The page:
U.S. Attorney General goes to Ferguson amid more violence
FERGUSON, Missouri (CNN) — Events are unfolding at a rapid pace in Ferguson, Missouri. The city has been in turmoil since August 9, when white city police officer Darren Wilson fatally shot Michael Brown, an unarmed black teenager.
Protesters and law enforcement officers have clashed in the streets for several nights.
Here are the latest developments for Wednesday:
Violence but no looting, no tear gas
As midnight approached late Tuesday, it looked like protesters and police had managed to pull off a night of peace, but officers donned riot gear and formed a line in front of local businesses, commanding a crowd in a parking lot to clear out.
A bottle flew at the officers, setting off a powder keg of tensions, with police sprinting after and arresting people and more bottles flying at them — some plastic, some glass.
Highway patrol Capt. Ron Johnson told journalists that “criminals” had also thrown urine on police. Riot police presence ballooned, dogs and pepper spray came out briefly, and officers arrested 47 people.
Two guns were confiscated from a car.
But gone were the tear gas, rubber bullets, and Molotov cocktails that had marred protests overnight Monday.
The wheels of justice
After days of Ferguson residents and others around the country crying for justice for Michael Brown, the wheels grind forward Wednesday. U.S. Attorney General Eric Holder is scheduled visit the town, where there is a federal criminal civil rights investigation into the shooting.
And a Missouri state prosecutor may present his case against Officer Wilson to a grand jury Wednesday.
But critics say St. Louis County Prosecuting Attorney Robert McCulloch may be biased in favor of the man he is tasked with prosecuting. McCulloch’s father was killed while working as a cop 50 years ago. His mother was a police clerk, and three relatives were also with St. Louis police. He wanted to be an officer, too, but cancer took one of his legs.
Michael Brown’s family:
Brown’s mother, Lesley McSpadden, told NBC’s “Today” show that the only way to end the unrest is “justice” — which her family and their supporters have repeatedly tied to the arrest of the police officer who killed Brown.
“Justice will bring peace, I believe,” McSpadden said.
The family’s attorney, Benjamin Crump, also announced that Brown’s funeral will be held Monday.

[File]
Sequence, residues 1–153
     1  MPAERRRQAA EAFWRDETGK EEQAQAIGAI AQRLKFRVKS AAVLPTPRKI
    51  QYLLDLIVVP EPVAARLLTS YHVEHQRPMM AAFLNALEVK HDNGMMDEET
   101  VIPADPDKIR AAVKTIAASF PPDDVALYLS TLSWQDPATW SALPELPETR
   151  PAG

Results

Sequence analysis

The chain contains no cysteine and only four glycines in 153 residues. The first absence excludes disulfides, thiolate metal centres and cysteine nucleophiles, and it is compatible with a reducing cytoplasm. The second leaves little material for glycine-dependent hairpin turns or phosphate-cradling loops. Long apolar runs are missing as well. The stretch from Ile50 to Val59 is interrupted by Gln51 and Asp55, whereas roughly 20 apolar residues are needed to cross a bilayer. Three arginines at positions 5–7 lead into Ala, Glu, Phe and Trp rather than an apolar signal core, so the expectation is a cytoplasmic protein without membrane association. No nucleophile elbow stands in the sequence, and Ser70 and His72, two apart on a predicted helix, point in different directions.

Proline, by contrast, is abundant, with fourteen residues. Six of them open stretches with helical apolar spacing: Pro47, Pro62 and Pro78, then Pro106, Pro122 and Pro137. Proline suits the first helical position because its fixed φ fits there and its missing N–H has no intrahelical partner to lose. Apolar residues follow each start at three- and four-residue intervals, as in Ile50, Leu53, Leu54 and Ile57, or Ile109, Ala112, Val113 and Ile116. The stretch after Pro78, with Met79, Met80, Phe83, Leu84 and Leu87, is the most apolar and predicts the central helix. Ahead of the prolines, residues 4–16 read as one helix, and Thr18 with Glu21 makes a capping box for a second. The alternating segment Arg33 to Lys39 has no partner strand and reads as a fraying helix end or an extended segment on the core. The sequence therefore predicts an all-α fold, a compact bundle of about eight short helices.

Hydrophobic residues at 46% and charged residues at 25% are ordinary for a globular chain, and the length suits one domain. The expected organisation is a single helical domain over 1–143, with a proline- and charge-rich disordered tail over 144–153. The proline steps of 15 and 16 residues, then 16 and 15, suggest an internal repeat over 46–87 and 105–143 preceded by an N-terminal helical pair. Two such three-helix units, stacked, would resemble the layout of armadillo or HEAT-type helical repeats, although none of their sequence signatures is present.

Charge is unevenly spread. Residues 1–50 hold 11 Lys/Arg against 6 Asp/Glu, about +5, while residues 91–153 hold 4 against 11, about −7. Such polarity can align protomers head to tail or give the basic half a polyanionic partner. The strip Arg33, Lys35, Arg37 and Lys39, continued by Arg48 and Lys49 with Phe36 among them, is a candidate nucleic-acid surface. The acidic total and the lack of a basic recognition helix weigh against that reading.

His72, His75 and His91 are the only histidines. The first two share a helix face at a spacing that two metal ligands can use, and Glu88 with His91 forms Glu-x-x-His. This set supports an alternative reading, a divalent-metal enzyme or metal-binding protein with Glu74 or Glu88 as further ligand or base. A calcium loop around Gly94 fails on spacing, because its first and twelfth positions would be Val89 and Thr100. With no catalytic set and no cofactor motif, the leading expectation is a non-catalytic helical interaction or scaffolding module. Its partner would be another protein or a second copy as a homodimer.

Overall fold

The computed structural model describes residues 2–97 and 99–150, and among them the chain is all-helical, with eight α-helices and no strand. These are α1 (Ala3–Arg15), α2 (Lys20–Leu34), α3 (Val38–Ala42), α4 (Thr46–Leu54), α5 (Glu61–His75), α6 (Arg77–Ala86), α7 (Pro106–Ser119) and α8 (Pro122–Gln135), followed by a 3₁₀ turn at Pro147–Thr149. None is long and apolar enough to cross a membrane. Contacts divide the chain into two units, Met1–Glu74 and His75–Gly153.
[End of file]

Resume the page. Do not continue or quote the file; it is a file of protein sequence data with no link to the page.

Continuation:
A grand jury could begin to hear testimony as early as Wednesday from witnesses, according to Ed Magee, a spokesman for the St. Louis County prosecutor’s office. They’ll ultimately decide whether to return an indictment against Wilson.
Holder will visit Ferguson Wednesday, in part to check on the investigation being handled by the Justice Department’s civil rights division and the local U.S. attorney’s office.
In an op-ed in the St. Louis Post-Dispatch, Holder said that a number of federal prosecutors and about 40 FBI agents have already been tasked with looking into the case. He said that hundreds of people have been interviewed and a team of medical examiners will conduct another autopsy on Brown’s body.
Prosecuting attorney protest:
Dozens protested Tuesday outside McCulloch’s office, demanding that he recuse himself in the case. The Mound City Bar Association — a Missouri-based organization that calls itself “one of the oldest black bar associations west of the Mississippi River” — did the same in a statement.
Some residents and community leaders claim McCulloch has deep ties to the police and has favored law enforcement in criminal cases.
Yet the prosecutor has given no indications that he’ll step down from the case.
The situation remains so unstable that the Ferguson-Florissant School District said it is canceling classes for the rest of the week. Two nearby districts — Jennings and Riverview Gardens — opted to remain closed again Tuesday as well, according to CNN affiliate KMOV.
In light of the closure, the Ferguson-Florissant School District is offering food assistance — in the form of sack lunches — to children and teenagers at five elementary schools between 11 a.m. and 1 p.m. on Wednesday, Thursday and Friday.
The police officer:
Darren Wilson, 28, who has six years on the force with no disciplinary issues on his record, is on paid administrative leave. If he returns to duty, he would have to undergo two psychological evaluations, authorities said.
Wilson has garnered more and more public support in recent days. That includes a rally held for him in St. Louis and a fundraising effort that had raised more than $36,000 from nearly 1,000 people as of Tuesday.